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Arts

Essen's island installations offer alternative look at energy

As part of the 2010 Culture Capital project, a collection of thought-provoking artworks have been installed on a lake in Essen. Visitors are invited to walk all over them - and rethink energy use and climate change.

Iceberg designed by Andreas Kaiser as part of the Ruhr Atoll project

Visitors who aren't afraid of getting wet can experience the installations up close

It's not your typical museum. Those who want to experience the Ruhr Atoll art project up close have to take a paddle boat to get there. And touching the work won't draw nasty looks from some museum employees - quiet the opposite actually, it's strongly encouraged.

The 300-square-meter (about 3,200-square-foot) installation is particularly child-friendly, said the mastermind behind the project, artist Norbert Bauer. His aim is to make art accessible.

"I think art can and should always be fun," he said. "I'm not going to take it all so deadly seriously."

Artist Nobert Bauer

Bauer's vision for the Ruhr Atoll was a product of runner's endorphines, he said

Located in the middle of the six-kilometer-long (3.7-mile) Lake Baldeney reservoir, Bauer's work includes an iceberg, an abandoned submarine, a teahouse and a rusty waterworks. It was created because nearby Essen and the surrounding Ruhr region - historically, Germany's heart of heavy industry - were selected as Europe's 2010 Capital of Culture.

"I can't say if it has great public significance," said passer-by Johannes Limbeck of the Atoll, "But it's interesting to stand up here and look down at Lake Baldeney and see something other than little boats."

Limbeck is one of three million visitors who make their way to Essen's reservoir each year to enjoy the water and the sunshine. It's precisely these unsuspecting lake-lovers that Bauer wants to impact with his art.

"Art is there to be touched," he said. "I reach the people who don't go to museums."

Submarine installation as part of the Ruhr Atoll project in Essen

From the outside, the submarine is an ominous symbol of war

Walk-in installations

Bauer explained that he had a vision for the Atoll project while training for a marathon 15 years ago. It remained just a picture in his head, however, until, a decade later, he invited artists to develop ideas for an island installation based on the theme "Energy and Movement." For the European Cultural Capital year, 24 models were selected, but funding only allowed for five to be realized.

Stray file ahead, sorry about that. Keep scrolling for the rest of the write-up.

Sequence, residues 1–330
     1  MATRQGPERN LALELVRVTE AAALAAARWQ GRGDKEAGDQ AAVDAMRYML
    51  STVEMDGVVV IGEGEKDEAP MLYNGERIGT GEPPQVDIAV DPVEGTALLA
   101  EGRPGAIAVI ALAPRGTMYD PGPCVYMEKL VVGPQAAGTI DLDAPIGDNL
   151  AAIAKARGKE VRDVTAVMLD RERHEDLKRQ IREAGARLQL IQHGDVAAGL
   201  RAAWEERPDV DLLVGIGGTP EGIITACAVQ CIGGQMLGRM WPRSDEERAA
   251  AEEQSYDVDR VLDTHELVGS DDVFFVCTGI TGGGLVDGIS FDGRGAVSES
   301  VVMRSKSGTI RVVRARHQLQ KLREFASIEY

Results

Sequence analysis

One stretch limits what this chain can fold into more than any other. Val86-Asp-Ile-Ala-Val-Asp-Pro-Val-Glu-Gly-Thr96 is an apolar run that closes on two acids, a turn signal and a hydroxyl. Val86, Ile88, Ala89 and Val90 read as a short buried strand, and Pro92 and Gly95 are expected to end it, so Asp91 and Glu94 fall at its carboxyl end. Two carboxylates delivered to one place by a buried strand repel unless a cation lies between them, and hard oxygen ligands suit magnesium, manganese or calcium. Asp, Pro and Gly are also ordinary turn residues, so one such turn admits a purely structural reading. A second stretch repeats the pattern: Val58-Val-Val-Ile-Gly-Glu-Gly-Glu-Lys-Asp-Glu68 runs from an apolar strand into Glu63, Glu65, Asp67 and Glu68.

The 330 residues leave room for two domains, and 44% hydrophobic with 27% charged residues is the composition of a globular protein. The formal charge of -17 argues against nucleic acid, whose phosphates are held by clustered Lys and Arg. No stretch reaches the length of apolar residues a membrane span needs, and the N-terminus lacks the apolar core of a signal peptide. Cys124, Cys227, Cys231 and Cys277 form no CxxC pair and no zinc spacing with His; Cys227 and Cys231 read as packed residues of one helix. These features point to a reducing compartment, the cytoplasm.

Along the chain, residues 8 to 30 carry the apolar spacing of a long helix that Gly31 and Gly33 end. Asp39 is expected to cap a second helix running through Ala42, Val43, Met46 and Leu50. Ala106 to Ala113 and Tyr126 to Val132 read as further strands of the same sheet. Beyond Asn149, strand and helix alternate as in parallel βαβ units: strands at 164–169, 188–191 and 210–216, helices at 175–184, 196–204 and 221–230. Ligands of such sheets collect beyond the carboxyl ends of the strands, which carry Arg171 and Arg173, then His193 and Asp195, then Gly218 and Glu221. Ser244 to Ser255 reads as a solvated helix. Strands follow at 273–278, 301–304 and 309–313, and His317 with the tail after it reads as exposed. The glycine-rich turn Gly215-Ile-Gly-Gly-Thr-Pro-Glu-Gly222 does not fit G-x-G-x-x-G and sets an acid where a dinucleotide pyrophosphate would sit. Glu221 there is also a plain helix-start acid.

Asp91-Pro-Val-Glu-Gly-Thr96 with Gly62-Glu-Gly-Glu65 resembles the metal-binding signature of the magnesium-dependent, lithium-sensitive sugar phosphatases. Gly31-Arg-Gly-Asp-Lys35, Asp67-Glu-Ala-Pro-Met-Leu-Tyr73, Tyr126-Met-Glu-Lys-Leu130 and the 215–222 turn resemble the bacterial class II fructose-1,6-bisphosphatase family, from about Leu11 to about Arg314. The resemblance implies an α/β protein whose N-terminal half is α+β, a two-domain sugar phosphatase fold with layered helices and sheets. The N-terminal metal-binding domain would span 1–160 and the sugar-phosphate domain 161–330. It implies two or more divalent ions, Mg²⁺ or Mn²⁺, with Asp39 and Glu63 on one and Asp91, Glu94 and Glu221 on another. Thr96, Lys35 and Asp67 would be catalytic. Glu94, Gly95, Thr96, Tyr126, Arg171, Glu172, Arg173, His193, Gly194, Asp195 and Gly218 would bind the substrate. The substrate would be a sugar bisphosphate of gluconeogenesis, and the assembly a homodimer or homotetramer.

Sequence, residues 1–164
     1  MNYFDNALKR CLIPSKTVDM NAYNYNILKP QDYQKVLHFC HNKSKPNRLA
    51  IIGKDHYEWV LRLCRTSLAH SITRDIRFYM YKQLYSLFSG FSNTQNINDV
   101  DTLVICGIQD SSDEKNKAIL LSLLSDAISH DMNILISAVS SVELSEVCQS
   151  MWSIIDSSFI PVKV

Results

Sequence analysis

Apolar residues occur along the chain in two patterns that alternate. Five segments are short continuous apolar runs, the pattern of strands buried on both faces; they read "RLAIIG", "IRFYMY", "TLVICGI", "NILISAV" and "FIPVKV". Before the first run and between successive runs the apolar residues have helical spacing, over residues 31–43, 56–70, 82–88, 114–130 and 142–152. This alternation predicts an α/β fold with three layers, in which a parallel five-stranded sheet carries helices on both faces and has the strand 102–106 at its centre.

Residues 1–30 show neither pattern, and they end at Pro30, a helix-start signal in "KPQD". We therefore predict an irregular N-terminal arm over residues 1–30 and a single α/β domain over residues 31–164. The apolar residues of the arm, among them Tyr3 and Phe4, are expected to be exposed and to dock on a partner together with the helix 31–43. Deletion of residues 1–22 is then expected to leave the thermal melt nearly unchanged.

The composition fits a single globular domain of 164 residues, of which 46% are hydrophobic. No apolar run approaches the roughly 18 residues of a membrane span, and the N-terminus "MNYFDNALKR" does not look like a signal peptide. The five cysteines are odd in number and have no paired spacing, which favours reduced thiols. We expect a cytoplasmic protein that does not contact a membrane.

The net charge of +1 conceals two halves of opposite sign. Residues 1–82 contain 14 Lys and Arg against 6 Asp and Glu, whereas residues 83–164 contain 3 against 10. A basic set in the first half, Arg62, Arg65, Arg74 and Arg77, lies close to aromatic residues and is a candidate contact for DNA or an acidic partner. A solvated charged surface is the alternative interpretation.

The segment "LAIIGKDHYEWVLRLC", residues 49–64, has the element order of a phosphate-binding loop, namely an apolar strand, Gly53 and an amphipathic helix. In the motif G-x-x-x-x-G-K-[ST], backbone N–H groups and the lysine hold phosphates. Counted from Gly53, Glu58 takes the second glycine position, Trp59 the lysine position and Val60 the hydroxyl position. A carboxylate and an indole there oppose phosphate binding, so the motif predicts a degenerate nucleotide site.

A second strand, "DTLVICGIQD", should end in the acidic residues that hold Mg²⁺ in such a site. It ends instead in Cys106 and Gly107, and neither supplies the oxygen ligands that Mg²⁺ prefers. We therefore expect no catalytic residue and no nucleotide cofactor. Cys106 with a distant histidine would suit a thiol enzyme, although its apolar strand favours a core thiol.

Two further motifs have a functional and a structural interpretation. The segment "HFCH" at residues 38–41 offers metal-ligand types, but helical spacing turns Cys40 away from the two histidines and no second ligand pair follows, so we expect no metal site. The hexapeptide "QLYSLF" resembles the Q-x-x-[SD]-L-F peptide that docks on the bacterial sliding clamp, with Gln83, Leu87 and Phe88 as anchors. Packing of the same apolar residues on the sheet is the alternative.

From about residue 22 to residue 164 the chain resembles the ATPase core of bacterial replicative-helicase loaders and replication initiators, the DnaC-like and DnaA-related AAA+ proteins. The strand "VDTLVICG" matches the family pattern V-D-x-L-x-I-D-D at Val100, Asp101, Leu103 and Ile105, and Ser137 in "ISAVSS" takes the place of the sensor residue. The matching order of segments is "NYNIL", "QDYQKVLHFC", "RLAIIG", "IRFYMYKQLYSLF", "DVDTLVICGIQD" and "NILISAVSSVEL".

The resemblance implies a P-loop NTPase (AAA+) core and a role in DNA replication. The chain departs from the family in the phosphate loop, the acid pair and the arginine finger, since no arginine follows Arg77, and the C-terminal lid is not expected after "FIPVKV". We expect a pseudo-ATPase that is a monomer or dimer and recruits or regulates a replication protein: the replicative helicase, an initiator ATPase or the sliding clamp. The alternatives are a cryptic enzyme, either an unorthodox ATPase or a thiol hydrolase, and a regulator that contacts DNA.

The artificial iceberg, positioned in Lake Baldeney as a clear reference to climate change, was developed by artist Andreas Kaiser, together with physicist and polar researcher Lars Kindermann. It is a walk-in sculpture, with a research tent placed on top. During the night, the tent lights up and realistic nature sounds - like thunder and ocean waves - are broadcast from it.

Nearby, the grey tower of a stranded submarine, designed by artist Andreas Kaufmann and media expert Hans Ullrich Reck, juts out of the water. It is a symbol of the conflicts and wars that are fought over energy resources, said Ruhr Atoll spokesman Holger Kruessmann.

"But the effect when we enter the submarine is that this weapon is transformed into a chapel on the inside; it practically seems like a church," he explained.

On the inside of the submarine's tower, the words "I can, because I want to, which I have to" are spelled out in a collage made of hundreds of press photographs. The resulting mosaic resembles a stained-glass window in a church.

Submarine installation as part of the Ruhr Atoll project in Essen

The inside of the submarine resembles stained-glass windows

Island of absurdity

Norbert Bauer's favorite part of the Ruhr Atoll is the island called "Project to preserve natural resources," designed by renowned Russian installation artist Ilya Kabakov. The island is a piece of Absurdistan, joked Bauer. Kabakov has turned the renewable energy discussion on its head - in a ridiculous way, he added.

On the island, water is pumped through rusty pipes and boilers, then passes through a series of whimsical-looking filters that are powered by wind energy and diesel motors. The water then flows through a mock laboratory before landing once again in the lake.

"It was really fun putting it together with a mechanic," said Bauer.

Spokesman Kruessmann said the great irony behind the model island is that there's plenty of rattling, clanging and moving parts that give the impression of productivity, "but really nothing happens except that the water is transferred from left to right."

At the end of the year, when Essen's title as Culture Capital is passed on, the island will be transported to different waters. Norbert Bauer is in the process of looking for buyers for the various objects that make up the Ruhr Atoll. Kabakov's absurd island is going for around 300,000 euros ($360,000).

Art installation Project to preserve natural resources, by Ilya Kabakov

Kabakov's island is a picture of ironic absurdity

Author: Bernd Riegert (kjb)

Photos: Per Henriksen

Editor: Sue Cox

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